Interactions between health care providers and patients have a huge impact on a patient’s recovery. Unfortunately not all Doctors, Physical Therapists, Chiropractors, Insurance company’s realize how their words positively or negatively can impact a patient.  How a musculoskeletal or physical problem/injury is described to a patient has a great impact on how much pain is perceived. Pain is ultimately the body’s output to a perception of threat.  The way an injury is described to a patient often has a profound impact, either increasing the perception of threat or decreasing the perception.  Countless times I have heard patients say that Doctors have told them their MRI or X-ray is the worst they have ever seen.  Countless times I have heard patients say that a Physical Therapist told them that my “nerve is pinched” or “bending forward is terrible for the back.” Countless times I have heard patients say that their chiropractor told them their spine was out of alignment. What do all these conversations do? Increase fear of movement and increase avoidance of activity.  Never once do I hear a patient tell me that anybody actually took the time to explain to the patient what pain actually is, and how it relates to their injury.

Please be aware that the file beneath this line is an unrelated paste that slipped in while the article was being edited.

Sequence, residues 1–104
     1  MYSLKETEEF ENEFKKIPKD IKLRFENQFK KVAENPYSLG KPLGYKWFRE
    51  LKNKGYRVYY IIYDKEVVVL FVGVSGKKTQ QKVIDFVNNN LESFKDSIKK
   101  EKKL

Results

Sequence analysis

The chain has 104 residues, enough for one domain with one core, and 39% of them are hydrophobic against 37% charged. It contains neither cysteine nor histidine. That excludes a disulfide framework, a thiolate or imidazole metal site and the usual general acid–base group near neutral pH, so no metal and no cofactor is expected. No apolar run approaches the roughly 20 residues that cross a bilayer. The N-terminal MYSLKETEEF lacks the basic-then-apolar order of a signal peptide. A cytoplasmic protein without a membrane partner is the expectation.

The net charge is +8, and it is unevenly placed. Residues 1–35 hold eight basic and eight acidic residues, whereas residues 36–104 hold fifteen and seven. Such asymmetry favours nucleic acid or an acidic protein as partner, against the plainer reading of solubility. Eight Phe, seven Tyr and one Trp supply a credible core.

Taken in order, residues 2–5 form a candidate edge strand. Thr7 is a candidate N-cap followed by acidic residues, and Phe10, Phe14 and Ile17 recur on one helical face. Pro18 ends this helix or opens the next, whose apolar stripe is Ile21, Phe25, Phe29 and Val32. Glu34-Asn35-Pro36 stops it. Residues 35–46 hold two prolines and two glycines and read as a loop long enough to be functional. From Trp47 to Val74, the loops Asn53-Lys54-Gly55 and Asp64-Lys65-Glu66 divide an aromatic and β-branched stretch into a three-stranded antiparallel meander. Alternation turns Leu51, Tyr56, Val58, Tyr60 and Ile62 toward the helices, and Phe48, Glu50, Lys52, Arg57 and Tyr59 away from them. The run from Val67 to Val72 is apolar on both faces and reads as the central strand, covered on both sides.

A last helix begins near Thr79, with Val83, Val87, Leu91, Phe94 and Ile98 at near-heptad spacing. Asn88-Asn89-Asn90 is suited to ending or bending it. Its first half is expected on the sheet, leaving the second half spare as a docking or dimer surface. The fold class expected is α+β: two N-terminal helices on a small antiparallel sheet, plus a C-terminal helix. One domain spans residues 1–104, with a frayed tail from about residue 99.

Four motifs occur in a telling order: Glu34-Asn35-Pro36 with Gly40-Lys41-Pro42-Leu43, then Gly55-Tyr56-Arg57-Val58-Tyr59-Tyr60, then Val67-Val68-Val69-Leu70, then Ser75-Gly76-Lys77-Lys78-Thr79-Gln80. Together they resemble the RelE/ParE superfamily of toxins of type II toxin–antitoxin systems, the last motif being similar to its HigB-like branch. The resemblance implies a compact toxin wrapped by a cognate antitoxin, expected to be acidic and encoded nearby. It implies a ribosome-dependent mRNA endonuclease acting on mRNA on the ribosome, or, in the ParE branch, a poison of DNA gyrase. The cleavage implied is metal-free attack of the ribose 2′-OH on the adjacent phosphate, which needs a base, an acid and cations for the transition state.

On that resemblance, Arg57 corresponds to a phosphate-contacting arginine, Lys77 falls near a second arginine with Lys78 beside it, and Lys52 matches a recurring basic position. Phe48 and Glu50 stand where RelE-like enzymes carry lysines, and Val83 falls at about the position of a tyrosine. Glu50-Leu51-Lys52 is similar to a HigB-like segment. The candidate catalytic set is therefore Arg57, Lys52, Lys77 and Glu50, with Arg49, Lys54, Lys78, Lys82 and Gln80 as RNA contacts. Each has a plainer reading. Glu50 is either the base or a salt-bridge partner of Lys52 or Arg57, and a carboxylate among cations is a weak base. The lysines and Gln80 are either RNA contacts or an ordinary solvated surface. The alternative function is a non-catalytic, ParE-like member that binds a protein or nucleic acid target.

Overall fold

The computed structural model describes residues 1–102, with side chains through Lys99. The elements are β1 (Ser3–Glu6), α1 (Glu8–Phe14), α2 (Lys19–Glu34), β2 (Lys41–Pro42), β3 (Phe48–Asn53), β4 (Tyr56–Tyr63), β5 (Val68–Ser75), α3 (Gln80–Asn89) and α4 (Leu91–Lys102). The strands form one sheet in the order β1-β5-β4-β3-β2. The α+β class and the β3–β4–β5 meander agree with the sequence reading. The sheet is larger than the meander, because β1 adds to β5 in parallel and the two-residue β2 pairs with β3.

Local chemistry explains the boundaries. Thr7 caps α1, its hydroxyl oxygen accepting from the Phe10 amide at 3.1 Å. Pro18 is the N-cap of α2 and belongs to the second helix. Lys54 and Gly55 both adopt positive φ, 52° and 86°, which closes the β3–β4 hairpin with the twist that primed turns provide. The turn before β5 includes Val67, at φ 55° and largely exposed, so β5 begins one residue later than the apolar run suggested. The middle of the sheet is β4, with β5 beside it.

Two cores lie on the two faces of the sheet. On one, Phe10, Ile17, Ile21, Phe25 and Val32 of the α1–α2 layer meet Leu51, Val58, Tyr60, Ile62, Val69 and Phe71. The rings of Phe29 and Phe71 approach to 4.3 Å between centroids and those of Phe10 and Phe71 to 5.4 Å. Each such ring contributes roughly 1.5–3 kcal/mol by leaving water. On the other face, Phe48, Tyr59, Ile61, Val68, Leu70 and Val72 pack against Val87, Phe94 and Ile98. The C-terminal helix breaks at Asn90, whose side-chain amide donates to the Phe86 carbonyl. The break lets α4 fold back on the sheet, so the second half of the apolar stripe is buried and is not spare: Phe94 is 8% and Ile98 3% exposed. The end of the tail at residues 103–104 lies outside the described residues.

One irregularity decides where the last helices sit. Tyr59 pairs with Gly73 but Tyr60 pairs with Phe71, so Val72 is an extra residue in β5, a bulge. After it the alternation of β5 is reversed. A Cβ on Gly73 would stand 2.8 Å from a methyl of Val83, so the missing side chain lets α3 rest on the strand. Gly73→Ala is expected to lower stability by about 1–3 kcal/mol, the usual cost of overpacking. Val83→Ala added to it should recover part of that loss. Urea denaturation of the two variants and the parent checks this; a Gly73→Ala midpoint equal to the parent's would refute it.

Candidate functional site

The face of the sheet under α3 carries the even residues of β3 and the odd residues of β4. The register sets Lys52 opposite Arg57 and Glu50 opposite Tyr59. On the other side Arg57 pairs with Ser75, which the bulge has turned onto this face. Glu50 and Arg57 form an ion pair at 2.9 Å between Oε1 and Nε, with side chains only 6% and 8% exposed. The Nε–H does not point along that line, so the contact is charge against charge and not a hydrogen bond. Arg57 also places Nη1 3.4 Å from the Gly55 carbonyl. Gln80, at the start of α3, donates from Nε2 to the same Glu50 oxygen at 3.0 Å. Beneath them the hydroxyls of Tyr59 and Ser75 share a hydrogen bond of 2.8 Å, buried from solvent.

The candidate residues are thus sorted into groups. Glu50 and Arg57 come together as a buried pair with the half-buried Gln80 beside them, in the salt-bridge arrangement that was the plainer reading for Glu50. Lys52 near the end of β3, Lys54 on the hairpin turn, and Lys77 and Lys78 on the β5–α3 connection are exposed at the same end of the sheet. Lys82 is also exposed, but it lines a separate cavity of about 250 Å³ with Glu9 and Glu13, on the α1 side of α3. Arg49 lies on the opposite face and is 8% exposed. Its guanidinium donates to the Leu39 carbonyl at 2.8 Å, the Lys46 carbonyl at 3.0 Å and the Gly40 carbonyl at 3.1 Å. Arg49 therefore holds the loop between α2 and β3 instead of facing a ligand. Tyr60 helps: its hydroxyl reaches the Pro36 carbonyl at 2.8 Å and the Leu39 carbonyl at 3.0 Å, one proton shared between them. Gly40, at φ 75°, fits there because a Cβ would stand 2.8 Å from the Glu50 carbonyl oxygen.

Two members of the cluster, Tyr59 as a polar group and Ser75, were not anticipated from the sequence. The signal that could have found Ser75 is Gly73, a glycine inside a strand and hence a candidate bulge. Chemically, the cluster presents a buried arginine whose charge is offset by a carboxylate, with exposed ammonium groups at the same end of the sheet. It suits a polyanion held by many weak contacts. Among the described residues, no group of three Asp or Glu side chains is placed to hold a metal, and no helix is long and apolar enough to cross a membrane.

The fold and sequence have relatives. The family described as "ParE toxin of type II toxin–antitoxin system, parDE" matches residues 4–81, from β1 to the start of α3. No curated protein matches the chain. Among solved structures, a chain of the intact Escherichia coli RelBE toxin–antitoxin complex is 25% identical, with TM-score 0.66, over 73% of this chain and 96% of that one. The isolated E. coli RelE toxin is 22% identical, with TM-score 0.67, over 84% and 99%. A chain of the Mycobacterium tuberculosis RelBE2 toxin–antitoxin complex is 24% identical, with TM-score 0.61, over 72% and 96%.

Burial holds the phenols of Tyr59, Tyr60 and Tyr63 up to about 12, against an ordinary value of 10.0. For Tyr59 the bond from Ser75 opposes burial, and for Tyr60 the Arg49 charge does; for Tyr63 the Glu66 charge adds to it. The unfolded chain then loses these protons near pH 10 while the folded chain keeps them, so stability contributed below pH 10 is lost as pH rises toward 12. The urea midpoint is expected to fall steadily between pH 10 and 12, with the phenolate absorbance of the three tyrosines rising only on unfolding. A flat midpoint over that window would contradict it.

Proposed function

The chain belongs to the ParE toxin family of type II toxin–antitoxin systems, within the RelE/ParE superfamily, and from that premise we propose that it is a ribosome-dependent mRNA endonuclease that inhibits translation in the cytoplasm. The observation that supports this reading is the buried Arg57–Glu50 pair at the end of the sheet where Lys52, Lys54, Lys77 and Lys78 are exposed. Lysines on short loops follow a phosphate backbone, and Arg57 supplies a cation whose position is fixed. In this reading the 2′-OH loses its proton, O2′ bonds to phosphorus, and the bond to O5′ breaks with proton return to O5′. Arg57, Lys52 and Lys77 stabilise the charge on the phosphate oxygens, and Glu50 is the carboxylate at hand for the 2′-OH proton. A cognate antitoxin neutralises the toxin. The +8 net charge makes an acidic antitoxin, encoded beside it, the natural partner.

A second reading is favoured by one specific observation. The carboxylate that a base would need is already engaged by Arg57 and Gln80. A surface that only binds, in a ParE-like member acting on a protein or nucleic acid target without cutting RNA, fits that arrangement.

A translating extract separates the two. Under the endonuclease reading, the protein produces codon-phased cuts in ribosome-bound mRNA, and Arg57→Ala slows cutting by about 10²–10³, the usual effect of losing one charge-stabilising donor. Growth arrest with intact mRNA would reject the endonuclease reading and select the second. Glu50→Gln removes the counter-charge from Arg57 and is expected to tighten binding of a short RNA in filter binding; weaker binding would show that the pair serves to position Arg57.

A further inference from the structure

pain-bear.jpeg

First understand that all musculoskeletal injury has the capacity to heal no matter if it’s bone, muscle, tendon, ligaments, discs, etc. These are all human tissues that physiologically heal in time. Much like when you were a kid and scraped your knee outside playing, physiological damage to tissue occurred and the skin healed in time.  Inflammation is normal, it is how the body starts to heal itself. The nerves being sensitive is a GOOD thing. If you stepped on a rusty nail, wouldn’t you like to know about it?  The nerves are just doing their job. The increased sensitivity to movement is only because the nerves are “pre-warned.” Much like sunburn on the shoulder increases the sensitivity of the skin when you get in the shower. The water is not actually burning the skin, it just feels that way because the skin is very sensitive at that point in time during the healing process.

Movement stimulates blood flow. Movement done frequently, in a non-threatening manner reduces sensitivity. Threatening descriptors such as “bad back”, “blown disc”, “bone on bone”, or “torn a muscle” increases sensitivity.